Reexamining Smith v Doe (Part I)

Editor’s Note: This is the first of a four part series written by K.S. in regards to reexamining the Supreme Court case Smith v Doe in which it ruled the sex offender registry constitutional. Beginning next month, the Supreme Court will hear a case called Gundy, in which it will look at the Sex Offender Registration and Notification Act (SORNA) and determine if Congress improperly delegated the authority to the attorney general to make rules and regulations regarding SORNA’s implementation and execution. Also note, all views and opinions expressed in this article are of that of the author and not necessarily those of #BackSoSoon.

In the past couple of years, several high profile cases have begun chipping away at the formerly impenetrable facade of the registry. These record wins have (rightfully) encouraged others to begin attacking various parts of the structure erected on the backs of former offenders for the past 20+ years. While many of these cases seek to distinguish the challenges at issue from the “original” or “legitimate” registry-with varying success-any meaningful review must actually come back to the Supreme Court’s case of Smith v Doe, which put a rubber stamp on the registry, and show that this whole scheme has been built on lies and shaky legal logic from the beginning. Until we acknowledge we started from the wrong place, only then do we have a chance of correcting course.

So it is important then, to acknowledge what Smith is and what it is not. It is not legal scrutiny of a challenged law. Instead, it is judicial abdication of enforcing the Constitutional rights of others because they were bad people. In other words, the Court decided sex offenders did not deserve legal protection or correct application of the law.

While we like to pretend (or hope) that judges (especially those on the Supreme Court are paragons of sober deliberation, they are just as likely to be swept away by public sentiment, prejudice, or irrational fear as anyone else. Deliberately misled by public officials at both the state and federal level, the Court operated under the belief that sex offenders had insanely high rates of recidivism and escalation, making them threats to children. Only by throwing the Constitution out the window and creating new rules for these horrendous individuals could the Court protect society. So the Court approved coerced “therapy”-in reality, a way to compel self incrimination to crimes real and imagined, with increasing penalties-, and civil commitment-a way to increase the proscribed punishment without all the annoying safeguards of due process. The “danger” made this ruling a done deal.

There have been numerous articles written explaining this error, and showing sex offenders actually have low recidivism rates. The New York Times laid the blame for this deception at the feet of the DOJ in a well written series. But, while it is true that the Court was deliberately misled, they were more than willing to play along, and suspend disbelief. This is not to take anything away from the fine researchers who have worked so hard to debunk this myth, but one need go no farther than Smith to see the claim is untrue. With the evidence in front of them, the Court could only have been misled if they wanted to be.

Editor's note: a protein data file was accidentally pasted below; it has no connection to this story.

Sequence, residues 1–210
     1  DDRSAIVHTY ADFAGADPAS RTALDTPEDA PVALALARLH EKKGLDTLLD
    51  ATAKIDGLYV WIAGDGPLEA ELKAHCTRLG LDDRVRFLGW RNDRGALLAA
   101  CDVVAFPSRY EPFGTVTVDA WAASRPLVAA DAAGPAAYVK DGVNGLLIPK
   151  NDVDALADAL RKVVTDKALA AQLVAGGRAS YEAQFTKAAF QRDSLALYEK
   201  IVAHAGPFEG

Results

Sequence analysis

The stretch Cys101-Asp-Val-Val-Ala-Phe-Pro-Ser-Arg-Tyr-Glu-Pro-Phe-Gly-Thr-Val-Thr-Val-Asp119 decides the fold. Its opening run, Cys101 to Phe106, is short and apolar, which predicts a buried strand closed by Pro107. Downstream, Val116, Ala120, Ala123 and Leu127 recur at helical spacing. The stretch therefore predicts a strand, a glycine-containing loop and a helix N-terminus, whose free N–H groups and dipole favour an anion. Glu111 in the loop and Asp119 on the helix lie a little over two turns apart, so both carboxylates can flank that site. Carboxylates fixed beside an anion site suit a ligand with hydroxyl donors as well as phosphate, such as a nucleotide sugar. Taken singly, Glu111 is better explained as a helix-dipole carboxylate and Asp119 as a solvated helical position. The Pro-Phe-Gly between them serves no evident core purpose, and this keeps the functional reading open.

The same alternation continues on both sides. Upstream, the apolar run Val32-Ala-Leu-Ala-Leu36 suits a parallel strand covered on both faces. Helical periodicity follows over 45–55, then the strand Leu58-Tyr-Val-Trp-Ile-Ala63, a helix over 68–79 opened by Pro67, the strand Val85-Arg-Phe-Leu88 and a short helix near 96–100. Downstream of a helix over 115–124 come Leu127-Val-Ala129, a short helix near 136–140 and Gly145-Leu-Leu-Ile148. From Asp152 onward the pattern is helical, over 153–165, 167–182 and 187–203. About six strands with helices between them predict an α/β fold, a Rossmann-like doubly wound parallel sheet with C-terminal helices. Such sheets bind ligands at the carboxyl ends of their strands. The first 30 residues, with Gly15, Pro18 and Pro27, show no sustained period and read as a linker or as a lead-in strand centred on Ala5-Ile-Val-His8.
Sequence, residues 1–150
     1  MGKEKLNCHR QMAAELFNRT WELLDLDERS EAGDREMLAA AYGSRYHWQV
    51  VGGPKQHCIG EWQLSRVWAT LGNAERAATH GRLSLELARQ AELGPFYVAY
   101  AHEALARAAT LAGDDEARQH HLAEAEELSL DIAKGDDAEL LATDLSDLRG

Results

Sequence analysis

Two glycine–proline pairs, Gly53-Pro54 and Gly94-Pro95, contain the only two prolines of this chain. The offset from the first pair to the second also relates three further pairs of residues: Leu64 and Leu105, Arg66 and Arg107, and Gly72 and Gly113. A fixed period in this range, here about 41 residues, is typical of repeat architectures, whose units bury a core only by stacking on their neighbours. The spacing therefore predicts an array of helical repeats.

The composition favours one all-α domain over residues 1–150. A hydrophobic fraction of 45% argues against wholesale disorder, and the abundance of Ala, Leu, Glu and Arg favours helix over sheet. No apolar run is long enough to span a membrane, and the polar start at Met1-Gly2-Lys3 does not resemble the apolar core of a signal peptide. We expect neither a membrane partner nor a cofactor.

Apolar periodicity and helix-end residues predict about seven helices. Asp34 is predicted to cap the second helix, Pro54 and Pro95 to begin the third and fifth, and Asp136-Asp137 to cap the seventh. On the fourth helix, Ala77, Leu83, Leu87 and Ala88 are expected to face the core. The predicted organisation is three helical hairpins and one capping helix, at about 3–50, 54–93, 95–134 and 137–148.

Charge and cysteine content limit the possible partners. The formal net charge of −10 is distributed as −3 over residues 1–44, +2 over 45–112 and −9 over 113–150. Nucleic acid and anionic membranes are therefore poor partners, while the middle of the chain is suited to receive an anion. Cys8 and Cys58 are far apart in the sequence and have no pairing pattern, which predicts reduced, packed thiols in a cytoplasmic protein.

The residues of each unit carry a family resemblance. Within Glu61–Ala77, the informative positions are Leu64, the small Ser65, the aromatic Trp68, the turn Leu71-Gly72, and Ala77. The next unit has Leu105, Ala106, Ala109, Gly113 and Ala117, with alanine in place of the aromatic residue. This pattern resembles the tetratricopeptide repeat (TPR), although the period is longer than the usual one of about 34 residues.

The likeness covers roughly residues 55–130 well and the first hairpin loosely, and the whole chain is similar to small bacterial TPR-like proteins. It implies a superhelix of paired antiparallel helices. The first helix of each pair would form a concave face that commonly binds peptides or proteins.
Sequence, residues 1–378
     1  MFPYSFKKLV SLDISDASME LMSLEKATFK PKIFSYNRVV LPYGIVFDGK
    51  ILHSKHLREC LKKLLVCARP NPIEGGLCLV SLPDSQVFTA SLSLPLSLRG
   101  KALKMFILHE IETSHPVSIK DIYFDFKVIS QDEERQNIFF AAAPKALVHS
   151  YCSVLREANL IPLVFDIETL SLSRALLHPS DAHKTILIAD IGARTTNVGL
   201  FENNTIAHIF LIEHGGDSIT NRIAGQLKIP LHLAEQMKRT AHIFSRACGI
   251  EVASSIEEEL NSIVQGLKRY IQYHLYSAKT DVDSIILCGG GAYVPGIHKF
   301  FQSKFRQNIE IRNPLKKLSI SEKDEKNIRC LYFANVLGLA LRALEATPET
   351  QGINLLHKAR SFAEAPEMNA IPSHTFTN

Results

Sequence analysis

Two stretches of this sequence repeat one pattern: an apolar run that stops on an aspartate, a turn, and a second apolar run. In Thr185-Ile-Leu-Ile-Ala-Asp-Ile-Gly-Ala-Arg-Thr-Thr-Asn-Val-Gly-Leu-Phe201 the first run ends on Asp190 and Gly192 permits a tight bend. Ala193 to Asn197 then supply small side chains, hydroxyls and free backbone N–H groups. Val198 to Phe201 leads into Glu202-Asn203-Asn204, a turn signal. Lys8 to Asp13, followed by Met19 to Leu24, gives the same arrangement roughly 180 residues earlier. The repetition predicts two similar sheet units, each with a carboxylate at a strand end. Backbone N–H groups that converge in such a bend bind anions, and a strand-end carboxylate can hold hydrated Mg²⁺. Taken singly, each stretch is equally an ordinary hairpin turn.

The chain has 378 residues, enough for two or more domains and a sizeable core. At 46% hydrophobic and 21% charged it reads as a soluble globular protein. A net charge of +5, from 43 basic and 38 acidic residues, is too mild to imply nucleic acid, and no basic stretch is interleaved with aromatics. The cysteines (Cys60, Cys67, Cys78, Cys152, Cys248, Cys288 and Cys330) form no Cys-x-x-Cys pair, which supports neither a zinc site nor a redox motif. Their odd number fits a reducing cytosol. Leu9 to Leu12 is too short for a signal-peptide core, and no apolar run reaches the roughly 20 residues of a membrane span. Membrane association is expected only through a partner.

The very statistic that the Court has based the “frightening and high” recidivism claim on admitted that its 80% reoffense rate was obviously exaggerated. Moreover, the same source readily championed the idea that such offenders were easy to treat (mainly because he rain that treatment, so the claim was in his best interests). One would not expect this from someone who is actually a risk to the public.

Bizarrely, Smith is full of facts that undermine its central thesis-that sex offenders are such a drastic threat that they need constant monitoring. The Court opinion states that sex offenders are arrested less than any other type of offenders. Even those who are arrested again are not rearrested immediately, but often go decades before reoffense. Though there has never been any evidence of this sleeper agent model of reoffense, accepting it as fact is still not helpful for this theory. Obviously, people who control themselves and slip after a decade are less of a threat to society than those who are immediately released a commit a dozen felonies. Worse, none of the defendants in Smith (and, indeed, it was grudgingly acknowledged, most offenders) have not committed dangerous offenses. As a bizarre coup de grace, the Court even showed that the registry was unlikely to stop sex offenses, as the majority of known reoffenses occurred well away from where the offender would have to register.

Given these “facts”, the Court simply could not have believed its own hype. Yet, the Court has become so wedded to its own infallibility, in a sort of truth by repetition, that even when it recently admitted that recidivism is low, a whopping 5%, it still felt the need to repeat its nonsense about high rates. Of course, with or without context, 5% is a low number, but the Court is so adverse to admitting error that it would contradict itself twice in a sentence to avoid it.

This is the basis of Smith, a complete fantasy. With such a false foundation, it should be no surprise that the legal analysis is no better.
***#BackSoSoon is a blog dedicated to helping sex offenders successfully reintegrate back into society. Our Corrlinks address is***

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